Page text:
Redbone’s hit song “Come and Get Your Love” finally has an official music video, more than 45 years after reaching the #5 on the Billboard Hot 100 charts, the first time that a Native American band had reached the top 5 on the chart.
The video, released on Monday, was created by Mexican-born producer and director Juan E. Bedolla and Native American artist Brent Learned. The psychedelic video includes an appearance from Bigfoot and a singing buffalo. It mixes archival photos as well as brand new artwork that follows the journey of a Native American looking for love.
“This is a commentary on an overarching idea repeated throughout the video, that of seeking our love/interests in all the wrong places, when often times they are right in front of us; if only we’re willing to look,” Learned tells ABC News Radio.
Recently, the song gained new life after it was featured during the opening scene of Marvel’s Guardians of the Galaxy.
Redbone often wore traditional Native American garb when performing the song live, leading into the music with chanting and dancing. Bassist Pat Vegas said that surprised some audiences.
He tells the Wall Street Journal, at the beginning of their tour, “we’d first come out on stage in traditional outfits, people in the front rows freaked and backed up about four feet. It was funny. They’d seen too many Westerns.”
That’s perception is something Vegas says he wanted to change with the song.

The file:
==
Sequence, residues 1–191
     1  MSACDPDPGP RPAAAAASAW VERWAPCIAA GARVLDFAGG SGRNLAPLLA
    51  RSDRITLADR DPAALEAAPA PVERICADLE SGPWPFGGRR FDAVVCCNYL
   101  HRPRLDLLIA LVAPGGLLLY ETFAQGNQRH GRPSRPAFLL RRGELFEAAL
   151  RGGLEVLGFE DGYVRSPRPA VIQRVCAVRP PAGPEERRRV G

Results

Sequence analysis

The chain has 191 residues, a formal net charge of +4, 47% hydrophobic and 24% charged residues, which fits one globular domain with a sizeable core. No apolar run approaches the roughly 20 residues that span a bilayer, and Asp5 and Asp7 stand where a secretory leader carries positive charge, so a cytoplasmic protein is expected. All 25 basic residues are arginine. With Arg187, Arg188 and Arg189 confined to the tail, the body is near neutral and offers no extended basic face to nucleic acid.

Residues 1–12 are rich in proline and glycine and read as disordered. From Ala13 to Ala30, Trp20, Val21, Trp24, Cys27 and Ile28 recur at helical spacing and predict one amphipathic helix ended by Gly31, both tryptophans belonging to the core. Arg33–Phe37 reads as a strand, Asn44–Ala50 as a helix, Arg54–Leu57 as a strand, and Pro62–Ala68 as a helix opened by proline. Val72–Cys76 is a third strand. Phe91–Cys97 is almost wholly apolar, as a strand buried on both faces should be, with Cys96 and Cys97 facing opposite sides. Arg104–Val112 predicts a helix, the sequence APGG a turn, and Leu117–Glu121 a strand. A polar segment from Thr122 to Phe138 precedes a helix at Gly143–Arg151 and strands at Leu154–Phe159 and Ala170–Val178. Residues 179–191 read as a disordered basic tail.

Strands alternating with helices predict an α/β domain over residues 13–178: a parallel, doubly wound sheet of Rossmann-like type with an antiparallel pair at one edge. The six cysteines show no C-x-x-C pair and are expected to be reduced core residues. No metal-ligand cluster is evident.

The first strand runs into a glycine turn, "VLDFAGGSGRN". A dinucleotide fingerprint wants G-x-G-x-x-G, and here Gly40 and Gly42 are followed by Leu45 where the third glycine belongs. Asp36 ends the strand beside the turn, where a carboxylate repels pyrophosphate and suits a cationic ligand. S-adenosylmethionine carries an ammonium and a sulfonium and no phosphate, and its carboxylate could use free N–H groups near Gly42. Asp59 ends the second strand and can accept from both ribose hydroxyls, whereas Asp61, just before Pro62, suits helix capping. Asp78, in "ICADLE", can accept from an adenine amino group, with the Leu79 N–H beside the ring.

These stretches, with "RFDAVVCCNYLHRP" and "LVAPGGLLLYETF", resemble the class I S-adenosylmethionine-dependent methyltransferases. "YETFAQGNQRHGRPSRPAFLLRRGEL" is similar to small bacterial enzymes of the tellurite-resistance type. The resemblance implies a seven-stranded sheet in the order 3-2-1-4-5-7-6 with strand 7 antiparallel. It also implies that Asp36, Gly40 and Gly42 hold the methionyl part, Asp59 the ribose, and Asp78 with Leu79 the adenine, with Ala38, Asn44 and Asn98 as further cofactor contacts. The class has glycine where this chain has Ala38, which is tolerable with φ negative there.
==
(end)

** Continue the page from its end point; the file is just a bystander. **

While working on the arrangement with his brother Lolly in 1973, Pat said, “I thought about how Native Americans were always depicted in Westerns as bad guys being chased by the cavalry. I wanted the song to change that image,” Vegas says, so they wrote about love.
“The song’s verses refer to the excuses people back then came up with to explain why they were feeling out of sorts. Worrying about your state of mind, your astrological sign, your hair—they all got in the way of natural, honest feelings,” he continued.
That’s something Pat says continues in the new video.
“This visual really takes you on a journey and reminds us that the sky’s not the limit, it’s only the view. It’s something to help the young understand the old, one is silver the other gold, both are valuable.”
Today’s Top Stories
- 1.4 million seek US jobless aid, first increase since March
- Violence again rocks Minneapolis after man’s death; 1 killed
- UK aims to give 1st COVID-19 shot to all adults by September
- Project Recovery: Utah man moves forward after years of pornography addiction
- Utah lifts gathering restrictions on private property, switches back to “transmission…
- Students from Pleasant Grove participate in ‘Choose Kindness Month’
- Sandy city officials urging hikers to be more prepared
- This violinist played her instrument as surgeons removed a brain tumor
- In Mexico, cartels are hunting down police at their homes
- Layton rare coin dealer accused of multi-million dollar scheme